Posted inEquities

Gam Investments finds opportunities in Asian equities

Favourite themes include consumption and the emergence of local brands.
Rob Mumford, Gam Investments

Asian equities have shown cyclical resilience, benefited from “premium” structural growth, and are at reasonable valuations, according to Gam Investments.

“Capital expenditure and trade growth have been extremely strong, and that’s expected to continue this year,” Rob Mumford, investment manager for emerging market equity at Gam, told a webinar this week.

Although consumption has been a laggard in Asia because of Covid-19 restrictions and lockdowns, it should catchup this year and beyond, Mumford said. He suggested that investors gain exposure to the emerging consumer brands in North Asia, as well as technology and new infrastructure stocks.

Core China

In China too, investors should consider increasing exposure to “modern consumer” sectors, financial intermediation, advanced technology and distribution, as well as renewables.

Moreover, China has moved to a countercyclical environment, characterized by monetary easing and fiscal spending, which makes it an exception among leading economies, according to Mumford.

“So within Asia, China at the core is easing policy, which is positive for growth in the region,” he said.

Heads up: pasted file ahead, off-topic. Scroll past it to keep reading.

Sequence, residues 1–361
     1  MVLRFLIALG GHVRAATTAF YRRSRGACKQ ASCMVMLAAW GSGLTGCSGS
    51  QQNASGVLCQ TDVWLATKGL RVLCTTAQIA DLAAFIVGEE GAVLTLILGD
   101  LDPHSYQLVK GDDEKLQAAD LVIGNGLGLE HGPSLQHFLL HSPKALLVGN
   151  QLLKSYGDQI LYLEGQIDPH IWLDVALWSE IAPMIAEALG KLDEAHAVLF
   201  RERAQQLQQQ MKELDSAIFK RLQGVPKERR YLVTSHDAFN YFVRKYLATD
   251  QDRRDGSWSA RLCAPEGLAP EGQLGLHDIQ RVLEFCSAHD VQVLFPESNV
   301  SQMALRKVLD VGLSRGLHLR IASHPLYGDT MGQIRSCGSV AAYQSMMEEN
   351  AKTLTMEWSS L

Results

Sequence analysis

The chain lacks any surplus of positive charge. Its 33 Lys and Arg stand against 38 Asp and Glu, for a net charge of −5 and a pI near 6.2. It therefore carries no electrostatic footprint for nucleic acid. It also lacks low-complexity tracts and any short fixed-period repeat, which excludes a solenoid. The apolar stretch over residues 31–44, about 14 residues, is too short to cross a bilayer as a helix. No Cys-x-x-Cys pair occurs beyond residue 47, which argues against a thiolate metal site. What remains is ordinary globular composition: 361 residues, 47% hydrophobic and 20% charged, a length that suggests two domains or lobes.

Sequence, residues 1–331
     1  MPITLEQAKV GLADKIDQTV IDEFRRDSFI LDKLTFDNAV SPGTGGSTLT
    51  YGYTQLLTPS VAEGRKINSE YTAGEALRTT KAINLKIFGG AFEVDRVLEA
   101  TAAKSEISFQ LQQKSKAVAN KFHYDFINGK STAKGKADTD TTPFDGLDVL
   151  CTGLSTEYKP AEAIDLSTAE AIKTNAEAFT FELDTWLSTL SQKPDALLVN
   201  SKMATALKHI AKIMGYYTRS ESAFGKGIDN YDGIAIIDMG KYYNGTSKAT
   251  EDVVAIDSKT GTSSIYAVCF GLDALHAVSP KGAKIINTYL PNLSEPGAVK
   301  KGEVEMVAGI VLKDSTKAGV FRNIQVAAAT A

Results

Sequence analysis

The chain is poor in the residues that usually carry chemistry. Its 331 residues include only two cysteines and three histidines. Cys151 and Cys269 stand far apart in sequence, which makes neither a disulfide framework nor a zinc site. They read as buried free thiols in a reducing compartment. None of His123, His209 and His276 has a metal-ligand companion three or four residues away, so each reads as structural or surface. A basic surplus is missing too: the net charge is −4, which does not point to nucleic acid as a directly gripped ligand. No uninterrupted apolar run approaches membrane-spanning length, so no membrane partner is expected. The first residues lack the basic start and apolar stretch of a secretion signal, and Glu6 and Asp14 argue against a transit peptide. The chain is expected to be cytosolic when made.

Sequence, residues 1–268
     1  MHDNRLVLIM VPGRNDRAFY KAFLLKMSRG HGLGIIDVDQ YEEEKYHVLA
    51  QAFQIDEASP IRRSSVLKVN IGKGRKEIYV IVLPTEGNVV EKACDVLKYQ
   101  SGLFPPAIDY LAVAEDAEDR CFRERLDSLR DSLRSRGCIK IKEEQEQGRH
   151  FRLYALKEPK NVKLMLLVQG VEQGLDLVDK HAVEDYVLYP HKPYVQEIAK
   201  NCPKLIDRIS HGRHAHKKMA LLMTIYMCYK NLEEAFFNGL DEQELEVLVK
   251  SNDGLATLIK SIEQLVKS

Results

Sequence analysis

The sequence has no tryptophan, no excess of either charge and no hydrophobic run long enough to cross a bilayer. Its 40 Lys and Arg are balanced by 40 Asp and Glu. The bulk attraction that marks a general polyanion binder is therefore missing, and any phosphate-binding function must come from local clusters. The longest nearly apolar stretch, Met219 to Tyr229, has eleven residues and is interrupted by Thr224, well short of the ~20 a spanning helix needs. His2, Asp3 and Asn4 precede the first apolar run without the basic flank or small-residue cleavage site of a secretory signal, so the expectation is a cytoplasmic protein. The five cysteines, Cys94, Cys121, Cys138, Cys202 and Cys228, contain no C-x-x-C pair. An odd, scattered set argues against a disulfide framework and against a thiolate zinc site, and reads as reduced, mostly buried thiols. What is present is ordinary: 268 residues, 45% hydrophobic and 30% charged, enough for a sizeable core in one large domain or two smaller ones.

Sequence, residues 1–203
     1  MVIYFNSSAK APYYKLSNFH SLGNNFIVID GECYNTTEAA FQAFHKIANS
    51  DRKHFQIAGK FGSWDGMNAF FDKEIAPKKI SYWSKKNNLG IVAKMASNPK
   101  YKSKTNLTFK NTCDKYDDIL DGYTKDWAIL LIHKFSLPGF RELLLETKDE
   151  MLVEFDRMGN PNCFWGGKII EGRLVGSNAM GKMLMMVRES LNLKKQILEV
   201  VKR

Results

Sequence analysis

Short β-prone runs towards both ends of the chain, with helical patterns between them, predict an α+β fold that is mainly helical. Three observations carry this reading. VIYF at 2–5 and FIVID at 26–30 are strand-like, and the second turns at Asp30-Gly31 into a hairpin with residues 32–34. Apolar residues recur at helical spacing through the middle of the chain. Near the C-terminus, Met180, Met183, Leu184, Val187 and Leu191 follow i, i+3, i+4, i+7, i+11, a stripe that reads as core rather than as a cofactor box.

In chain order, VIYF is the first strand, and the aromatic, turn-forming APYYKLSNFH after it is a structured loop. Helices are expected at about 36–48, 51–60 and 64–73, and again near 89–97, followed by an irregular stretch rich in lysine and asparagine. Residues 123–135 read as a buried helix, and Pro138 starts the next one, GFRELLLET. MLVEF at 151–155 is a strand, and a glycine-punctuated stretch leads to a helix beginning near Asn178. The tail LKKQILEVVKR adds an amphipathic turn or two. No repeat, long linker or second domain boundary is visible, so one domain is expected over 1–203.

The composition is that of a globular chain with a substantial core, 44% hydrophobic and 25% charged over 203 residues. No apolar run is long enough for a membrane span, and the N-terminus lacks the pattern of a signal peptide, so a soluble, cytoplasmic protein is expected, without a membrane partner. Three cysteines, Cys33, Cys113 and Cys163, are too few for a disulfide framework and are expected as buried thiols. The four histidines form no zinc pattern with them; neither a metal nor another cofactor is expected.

Wendy Chen, senior investment analyst at Gam, added that 2022 is the year of China’s “political reshuffle”, and in previous “reshuffle” years, China has never failed to deliver its economic growth targets.

Green investments, including renewable power, electronic vehicles and biofuels are likely to maintain their momentum, consistent with China’s net zero target, according to Chen.

“Another theme worth looking at is software and services, as the digital transformation in the country continues,” she said.

Southeast Asia

In south and southeast Asia, investors should also focus on the recovery theme, according to Mumford, who highlighted the retail and hospitality sectors in Thailand, industrials in India, and consumer staples in Indonesia staples.

However, “India is more complicated,” said Mumford. “It has a wonderful top-down story, as a beneficiary of geopolitics and sound domestic policy, and booming consumption. However, at the bottom-up level, single stock look expensive.”

Part of the Mark Allen Group.